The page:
If you or someone you know is in a life-threatening situation, call



Conversation Tips & Tricks:

  • Don’t be afraid to ask. If you suspect someone is thinking about suicide, ask them. Research shows that you won’t plant the idea or make the ideation stronger. Encourage folks to talk about their feelings of suicide and offer empathy. You don’t have to be a mental health clinician to make someone feel slightly less alone.

    • “It sounds like you’re feeling [insert emotion: lonely, defeated, helpless, etc]. Sometimes when people feel that way they have thoughts of ending their life. Have you experienced any of those thoughts?”

  • You first. These conversations carry a lot of weight and you aren’t expected to be an expert. If you aren’t comfortable talking about suicide, it’s ok to use the following language to offer resources and then get the conversation back on topic.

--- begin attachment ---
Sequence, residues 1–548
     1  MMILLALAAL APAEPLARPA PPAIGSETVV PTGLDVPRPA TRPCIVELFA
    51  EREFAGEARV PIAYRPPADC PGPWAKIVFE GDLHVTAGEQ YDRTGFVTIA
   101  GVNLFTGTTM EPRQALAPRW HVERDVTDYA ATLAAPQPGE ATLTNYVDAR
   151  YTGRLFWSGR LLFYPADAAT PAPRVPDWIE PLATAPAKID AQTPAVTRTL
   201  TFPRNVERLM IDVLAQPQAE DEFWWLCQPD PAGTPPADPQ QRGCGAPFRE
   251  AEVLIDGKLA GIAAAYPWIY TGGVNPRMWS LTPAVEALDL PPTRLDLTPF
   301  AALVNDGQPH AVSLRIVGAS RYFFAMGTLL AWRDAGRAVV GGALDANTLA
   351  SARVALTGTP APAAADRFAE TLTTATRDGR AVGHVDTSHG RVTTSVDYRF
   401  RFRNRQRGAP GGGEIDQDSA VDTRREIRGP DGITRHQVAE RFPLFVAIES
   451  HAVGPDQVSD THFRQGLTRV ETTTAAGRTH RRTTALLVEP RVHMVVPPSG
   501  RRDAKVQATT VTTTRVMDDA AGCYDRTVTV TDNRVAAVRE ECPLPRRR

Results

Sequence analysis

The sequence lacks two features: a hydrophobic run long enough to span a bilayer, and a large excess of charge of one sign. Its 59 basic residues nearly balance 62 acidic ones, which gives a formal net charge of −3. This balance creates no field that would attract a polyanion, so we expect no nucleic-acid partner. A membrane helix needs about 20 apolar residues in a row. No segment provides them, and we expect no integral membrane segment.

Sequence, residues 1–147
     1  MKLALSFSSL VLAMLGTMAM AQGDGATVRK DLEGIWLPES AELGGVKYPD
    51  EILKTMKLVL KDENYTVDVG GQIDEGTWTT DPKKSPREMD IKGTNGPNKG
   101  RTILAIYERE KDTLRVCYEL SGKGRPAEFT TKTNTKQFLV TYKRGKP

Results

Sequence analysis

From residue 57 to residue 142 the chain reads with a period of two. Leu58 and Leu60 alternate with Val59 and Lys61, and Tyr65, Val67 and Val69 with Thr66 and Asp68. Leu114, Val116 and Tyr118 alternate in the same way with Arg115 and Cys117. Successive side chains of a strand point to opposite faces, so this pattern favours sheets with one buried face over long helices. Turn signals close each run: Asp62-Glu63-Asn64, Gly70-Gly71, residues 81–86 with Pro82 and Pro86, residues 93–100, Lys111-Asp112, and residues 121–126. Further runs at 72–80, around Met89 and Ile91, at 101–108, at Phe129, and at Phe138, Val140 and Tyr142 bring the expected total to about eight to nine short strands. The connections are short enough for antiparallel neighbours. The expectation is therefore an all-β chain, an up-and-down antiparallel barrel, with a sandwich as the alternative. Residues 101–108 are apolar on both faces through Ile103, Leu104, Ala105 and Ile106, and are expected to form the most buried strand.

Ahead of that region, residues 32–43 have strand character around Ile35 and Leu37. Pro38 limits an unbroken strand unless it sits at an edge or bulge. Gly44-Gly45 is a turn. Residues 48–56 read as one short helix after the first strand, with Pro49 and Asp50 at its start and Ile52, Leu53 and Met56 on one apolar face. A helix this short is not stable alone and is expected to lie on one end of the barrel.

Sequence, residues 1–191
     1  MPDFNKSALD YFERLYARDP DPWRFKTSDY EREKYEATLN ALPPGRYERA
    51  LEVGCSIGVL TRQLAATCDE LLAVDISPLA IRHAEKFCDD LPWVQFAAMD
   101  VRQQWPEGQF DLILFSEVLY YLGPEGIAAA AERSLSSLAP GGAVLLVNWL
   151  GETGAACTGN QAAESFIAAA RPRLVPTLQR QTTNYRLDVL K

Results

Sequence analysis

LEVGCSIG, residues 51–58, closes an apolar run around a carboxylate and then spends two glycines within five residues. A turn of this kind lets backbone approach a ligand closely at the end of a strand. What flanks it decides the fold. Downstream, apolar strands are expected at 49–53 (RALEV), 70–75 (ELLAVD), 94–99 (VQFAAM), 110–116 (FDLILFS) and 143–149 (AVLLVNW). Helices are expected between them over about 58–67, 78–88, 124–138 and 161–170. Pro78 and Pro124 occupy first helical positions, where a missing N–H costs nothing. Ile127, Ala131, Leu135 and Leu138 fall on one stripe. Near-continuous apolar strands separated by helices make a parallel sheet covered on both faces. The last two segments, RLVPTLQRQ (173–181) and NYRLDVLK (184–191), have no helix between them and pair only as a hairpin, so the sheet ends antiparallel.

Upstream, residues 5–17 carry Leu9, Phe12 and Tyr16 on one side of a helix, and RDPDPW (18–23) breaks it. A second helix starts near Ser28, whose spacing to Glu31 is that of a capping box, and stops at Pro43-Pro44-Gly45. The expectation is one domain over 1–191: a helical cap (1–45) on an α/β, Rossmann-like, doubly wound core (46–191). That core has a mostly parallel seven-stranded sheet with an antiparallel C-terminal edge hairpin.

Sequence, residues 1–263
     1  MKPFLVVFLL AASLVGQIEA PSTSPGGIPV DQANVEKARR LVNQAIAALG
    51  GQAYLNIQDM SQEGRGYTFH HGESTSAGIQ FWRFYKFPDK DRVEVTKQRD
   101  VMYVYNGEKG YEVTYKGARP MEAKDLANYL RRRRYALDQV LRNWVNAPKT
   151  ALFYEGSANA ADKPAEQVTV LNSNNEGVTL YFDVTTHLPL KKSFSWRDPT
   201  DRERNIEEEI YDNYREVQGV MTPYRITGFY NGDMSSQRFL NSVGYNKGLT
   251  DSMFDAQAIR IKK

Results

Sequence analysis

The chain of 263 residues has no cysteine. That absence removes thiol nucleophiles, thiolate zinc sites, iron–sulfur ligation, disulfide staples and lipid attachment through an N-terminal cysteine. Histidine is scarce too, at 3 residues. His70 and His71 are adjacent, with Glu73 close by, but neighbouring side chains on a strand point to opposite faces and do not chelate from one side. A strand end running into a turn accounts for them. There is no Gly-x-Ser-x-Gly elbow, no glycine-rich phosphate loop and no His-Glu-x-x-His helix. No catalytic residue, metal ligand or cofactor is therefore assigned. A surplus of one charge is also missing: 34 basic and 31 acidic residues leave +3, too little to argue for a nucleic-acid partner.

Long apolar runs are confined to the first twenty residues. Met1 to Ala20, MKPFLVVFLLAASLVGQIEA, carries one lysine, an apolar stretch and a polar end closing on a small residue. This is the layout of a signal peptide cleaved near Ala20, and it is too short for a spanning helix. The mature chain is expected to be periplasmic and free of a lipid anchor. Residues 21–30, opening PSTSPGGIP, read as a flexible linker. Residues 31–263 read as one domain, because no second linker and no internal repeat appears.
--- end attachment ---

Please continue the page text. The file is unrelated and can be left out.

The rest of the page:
• “You were brave to share how you’re feeling with me. I’m here for you. I also want to make sure you have access to resources that may have more expertise. Can I share a few resources that might be helpful?”

    • “I’m hearing how upset you’ve been. Those feelings are valid and I want to help get the support you need, but I might not be the best person to help. Can I share a few resources with you?”

  • Avoid guilt trips. Talking about suicide can be heavy and it’s powerful that they chose to share with you. It might be tempting to remind folks of the people who they might be hurting if they ended their life, but it’s rarely helpful. Instead, validate how brave they were to be honest about their feelings and to seek help.

  • Offer resources. It’s important to connect with mental health professionals or helplines who are able to support someone thinking about suicide. Utilize one or more of the above resources to ensure folks get a higher level of care when needed.

  • Safe for now. Before ending a call, make sure the person is able to commit to reaching out for help if they feel they can’t keep themselves safe.

    • “I’m worried about your safety and want to check-in. Do you feel that you can keep yourself safe tonight or reach out to one of these resources if you’re struggling?”

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